Texas Living

Guide to Winterizing Your Home

By Jennifer Chappell Smith 2.24.16

If you feel a draft creeping through your home, it’s time to winterize. Just as you dig out warm sweaters and blankets, stock up on marshmallows and hot cocoa, and bring in firewood for the season, your home needs some extra attention to get through the winter months. Winterizing your home will help keep your family cozy and save you in energy costs. Here’s where to start: 

Packing Up Outdoors 

  • Pool. If your pool water freezes, that can do major damage. Depending on your area, different levels of winterizing may be necessary. Check out this guide to pool maintenance and winterizing your pool
  • Gutters. Cleaning out your gutters every fall and spring is an important part of home maintenance and can prevent costly repairs and problems down the road. Check gutters and downspouts for debris and make sure they aren’t loose or sagging, as the weight of snow or ice can pull them loose.
  • Hoses. Remove hoses from exterior faucets and store them. Make certain water is drained from sprinkler heads.
  • Pipes. Don’t get caught unawares by an early freeze; drain water out of pipes and shut off the water supply valve if you leave town. Cover vulnerable outdoor pipes with insulated sleeves made of foam rubber or fiberglass. You can find such products at hardware stores or home stores.
  • Boats. Don’t leave your precious boat to the whims of winter. Clean it out, air out life jackets, and make sure you fill the tank with a fuel stabilizer; you’ll also want to spray the engine with oil to prevent rust. Now you can dream peacefully of lake days without worrying all winter. 
  • Furniture. Clean and vacuum any pillows, cushions, and umbrellas you have outdoors before storing them in a dry area to protect them from mold growth. Also move wooden, metal, and wicker pieces into a protected area, such as a garage or storage shed. Try applying a coat of automotive wax to protect metal furniture. You should clean and store any seasonal tools you won’t need until your next foray into the garden. 
  • Garage. Just like switching out your summer wardrobe, now is a good time to ready your garage for winter.

Wrapping Up Indoors

  • Roof. Inspect your roof for leaks well before inclement weather arrives.
  • Insulation. Check for any gaps you may need to fill
  • Thermostat. The Insurance Information Institute recommends keeping your thermostat above 65 degrees to prevent pipes from freezing, bursting, and causing water damage. 
  • Seal cracks and holes. To fix holes around plumbing pipes in the attic, fill the hole with fiberglass insulation and seal with spray foam. You may need to add fresh caulk around windows and doors.
  • Weatherstripping. Make sure all the weatherstripping around windows and door frames is tight and in good condition. The U.S. Department of Energy offers a great chart to help you choose from the many kinds of weather stripping available for your project — from an aluminum door sweep to foam tape that seals windows.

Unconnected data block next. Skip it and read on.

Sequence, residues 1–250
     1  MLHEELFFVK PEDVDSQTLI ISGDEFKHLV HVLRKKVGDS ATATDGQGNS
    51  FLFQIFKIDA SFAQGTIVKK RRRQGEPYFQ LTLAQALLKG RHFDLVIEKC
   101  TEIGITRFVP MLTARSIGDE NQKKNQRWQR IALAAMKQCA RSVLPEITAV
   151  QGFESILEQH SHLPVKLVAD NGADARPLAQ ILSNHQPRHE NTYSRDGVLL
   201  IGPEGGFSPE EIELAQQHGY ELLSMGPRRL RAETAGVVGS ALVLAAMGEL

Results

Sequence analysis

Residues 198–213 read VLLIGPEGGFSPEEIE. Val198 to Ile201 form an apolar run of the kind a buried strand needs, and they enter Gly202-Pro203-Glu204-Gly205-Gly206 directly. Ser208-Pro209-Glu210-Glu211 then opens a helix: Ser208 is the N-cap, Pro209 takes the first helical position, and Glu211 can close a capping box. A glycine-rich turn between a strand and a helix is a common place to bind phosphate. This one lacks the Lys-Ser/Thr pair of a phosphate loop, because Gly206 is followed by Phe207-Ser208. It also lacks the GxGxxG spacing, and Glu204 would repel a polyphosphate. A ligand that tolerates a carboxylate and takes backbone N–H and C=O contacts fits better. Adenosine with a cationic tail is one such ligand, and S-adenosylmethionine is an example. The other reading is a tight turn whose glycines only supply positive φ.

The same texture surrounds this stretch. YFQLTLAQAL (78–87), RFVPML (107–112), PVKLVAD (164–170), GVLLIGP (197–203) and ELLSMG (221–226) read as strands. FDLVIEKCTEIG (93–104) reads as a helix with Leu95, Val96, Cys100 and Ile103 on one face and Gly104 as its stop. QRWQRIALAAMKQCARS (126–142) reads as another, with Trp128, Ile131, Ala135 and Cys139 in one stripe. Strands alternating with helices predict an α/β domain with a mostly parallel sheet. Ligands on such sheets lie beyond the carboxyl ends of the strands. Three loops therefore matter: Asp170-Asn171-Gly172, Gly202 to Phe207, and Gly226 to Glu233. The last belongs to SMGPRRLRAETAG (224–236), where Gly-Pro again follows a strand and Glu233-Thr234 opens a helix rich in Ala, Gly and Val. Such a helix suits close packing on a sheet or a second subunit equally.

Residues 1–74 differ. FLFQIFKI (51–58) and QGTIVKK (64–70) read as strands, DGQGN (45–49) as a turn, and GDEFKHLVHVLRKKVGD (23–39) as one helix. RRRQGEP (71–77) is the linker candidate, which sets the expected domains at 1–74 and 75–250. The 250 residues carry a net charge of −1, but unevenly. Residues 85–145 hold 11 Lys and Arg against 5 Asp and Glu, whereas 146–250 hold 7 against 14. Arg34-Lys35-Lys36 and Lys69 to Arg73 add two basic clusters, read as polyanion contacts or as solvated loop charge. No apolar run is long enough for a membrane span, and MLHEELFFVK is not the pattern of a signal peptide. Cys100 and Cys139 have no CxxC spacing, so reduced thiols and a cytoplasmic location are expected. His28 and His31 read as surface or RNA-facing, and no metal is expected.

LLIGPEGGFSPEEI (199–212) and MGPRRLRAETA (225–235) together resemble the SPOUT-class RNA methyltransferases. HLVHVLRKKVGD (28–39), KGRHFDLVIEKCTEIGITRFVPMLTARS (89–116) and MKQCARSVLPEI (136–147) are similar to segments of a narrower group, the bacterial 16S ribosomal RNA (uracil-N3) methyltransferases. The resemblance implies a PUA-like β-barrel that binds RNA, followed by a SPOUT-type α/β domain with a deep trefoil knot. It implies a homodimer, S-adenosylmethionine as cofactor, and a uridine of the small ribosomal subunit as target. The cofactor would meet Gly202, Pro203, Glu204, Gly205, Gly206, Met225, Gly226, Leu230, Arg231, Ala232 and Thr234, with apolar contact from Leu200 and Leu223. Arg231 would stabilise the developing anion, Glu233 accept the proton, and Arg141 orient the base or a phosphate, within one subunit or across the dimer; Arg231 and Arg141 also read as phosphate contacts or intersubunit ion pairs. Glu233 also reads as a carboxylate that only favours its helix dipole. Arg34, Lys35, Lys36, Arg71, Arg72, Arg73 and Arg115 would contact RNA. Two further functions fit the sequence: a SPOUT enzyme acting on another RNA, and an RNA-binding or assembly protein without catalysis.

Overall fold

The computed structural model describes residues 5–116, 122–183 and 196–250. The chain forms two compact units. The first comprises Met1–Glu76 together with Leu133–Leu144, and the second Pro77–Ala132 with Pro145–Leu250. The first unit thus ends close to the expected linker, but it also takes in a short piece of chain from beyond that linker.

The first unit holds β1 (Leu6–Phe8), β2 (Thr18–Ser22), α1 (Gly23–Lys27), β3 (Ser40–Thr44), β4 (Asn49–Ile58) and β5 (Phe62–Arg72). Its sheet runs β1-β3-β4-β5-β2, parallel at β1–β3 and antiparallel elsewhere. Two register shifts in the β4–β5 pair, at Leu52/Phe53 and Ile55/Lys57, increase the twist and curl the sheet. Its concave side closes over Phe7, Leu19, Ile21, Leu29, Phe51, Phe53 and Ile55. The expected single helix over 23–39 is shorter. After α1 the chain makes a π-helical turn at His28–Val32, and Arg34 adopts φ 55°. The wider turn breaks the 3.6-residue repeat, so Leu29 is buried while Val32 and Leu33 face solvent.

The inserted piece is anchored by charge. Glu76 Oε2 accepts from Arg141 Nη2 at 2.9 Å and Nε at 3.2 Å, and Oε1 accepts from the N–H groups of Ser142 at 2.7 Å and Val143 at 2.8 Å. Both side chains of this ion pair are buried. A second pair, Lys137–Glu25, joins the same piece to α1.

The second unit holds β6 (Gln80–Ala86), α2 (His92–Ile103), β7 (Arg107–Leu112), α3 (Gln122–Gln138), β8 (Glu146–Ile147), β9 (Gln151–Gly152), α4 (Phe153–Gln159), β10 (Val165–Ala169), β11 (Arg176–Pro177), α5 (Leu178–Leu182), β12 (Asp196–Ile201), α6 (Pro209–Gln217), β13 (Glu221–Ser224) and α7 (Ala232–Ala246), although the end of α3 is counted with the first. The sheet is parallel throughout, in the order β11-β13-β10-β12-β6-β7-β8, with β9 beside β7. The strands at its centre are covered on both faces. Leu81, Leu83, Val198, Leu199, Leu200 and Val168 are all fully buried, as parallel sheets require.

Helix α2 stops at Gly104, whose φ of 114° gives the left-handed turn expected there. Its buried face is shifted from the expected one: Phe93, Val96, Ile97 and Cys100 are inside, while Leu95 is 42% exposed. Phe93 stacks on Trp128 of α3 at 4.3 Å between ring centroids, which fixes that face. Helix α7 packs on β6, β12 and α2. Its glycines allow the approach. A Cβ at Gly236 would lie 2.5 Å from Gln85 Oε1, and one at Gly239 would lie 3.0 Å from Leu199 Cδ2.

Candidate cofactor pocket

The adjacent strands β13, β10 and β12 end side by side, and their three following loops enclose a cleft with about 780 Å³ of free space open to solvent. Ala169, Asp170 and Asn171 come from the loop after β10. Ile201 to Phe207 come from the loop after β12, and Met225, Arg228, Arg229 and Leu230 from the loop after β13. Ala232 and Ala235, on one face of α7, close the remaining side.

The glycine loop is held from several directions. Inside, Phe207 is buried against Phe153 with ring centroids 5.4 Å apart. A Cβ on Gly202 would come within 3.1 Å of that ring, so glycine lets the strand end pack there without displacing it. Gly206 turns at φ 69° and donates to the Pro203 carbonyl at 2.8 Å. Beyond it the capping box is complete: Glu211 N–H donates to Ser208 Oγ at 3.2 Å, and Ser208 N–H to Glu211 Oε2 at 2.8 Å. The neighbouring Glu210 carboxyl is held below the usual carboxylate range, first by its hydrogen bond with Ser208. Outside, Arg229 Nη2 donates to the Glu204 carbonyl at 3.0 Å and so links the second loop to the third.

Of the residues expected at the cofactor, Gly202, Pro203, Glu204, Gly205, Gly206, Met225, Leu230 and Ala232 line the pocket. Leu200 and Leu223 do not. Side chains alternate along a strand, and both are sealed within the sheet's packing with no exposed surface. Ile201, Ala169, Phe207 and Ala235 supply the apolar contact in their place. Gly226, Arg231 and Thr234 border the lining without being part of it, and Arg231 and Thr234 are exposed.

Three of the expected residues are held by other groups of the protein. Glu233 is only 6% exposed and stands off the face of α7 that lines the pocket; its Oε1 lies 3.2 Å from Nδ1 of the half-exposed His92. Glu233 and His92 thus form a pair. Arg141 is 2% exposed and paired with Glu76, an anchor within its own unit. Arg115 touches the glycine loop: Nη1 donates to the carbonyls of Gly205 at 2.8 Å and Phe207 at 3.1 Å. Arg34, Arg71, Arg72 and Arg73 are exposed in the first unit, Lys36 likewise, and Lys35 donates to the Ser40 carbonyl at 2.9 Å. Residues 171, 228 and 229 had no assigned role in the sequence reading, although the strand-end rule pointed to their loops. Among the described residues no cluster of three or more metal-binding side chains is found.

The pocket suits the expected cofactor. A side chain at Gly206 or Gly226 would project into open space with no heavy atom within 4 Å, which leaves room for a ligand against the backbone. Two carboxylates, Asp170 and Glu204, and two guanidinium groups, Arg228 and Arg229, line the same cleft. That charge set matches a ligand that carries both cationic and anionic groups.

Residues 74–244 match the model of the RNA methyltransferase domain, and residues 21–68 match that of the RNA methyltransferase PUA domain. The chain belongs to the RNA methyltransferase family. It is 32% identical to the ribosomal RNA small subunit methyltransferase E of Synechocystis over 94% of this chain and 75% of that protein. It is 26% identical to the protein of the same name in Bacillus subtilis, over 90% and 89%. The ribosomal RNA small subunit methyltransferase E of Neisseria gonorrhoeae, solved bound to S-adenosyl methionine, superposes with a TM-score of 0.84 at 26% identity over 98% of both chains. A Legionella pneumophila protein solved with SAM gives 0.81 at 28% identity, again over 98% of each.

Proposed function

• Window frames. Look for signs of rot or decay. This can lead to structural damage as well as compromise the frame’s ability to keep out cold air and moisture. Check the glass for cracks, gaps, and broken areas, and replace or repair.

Warming Up Safely 

  • Fireplaces and chimneys. Think of a roaring fireplace like a campfire in your living room, and treat it with the same reverence. Follow this guide to wood-burning safely, and make sure you have fire safety measures in place. 
  • Furnace. Your furnace is your first line of defense against the cold. Call in the experts to ensure your HVAC system is clean, ventilated, and in good status. You may need to clean or replace the air filter, and flush the water heater tank to get rid of sediment and increase efficiency.
  • Smoke detectors. Install smoke and carbon monoxide alarms in your home, and keep camp stoves, generators, and other such equipment outside the house.
  • Heated bedding. Electric blankets have great snuggling appeal but should be used with caution.

Preparing for All Weather

  • Emergency supplies. Make sure you stock up on the essentials in case of bad weather. Follow this guide to a successful evacuation plan and kit
  • Evacuation plan. Your family should have a customized fire escape plan, as well. 

Call your Texas Farm Bureau Insurance Agent if you have any questions about your property insurance. A 360 Review is a great way to make sure you have the coverage you need and give yourself peace of mind for the season ahead. Learn more about protecting your home this winter with tips for decking the halls safely

Coverage and discounts are subject to qualifications and policy terms and may vary by situation. © 2016 Texas Farm Bureau Insurance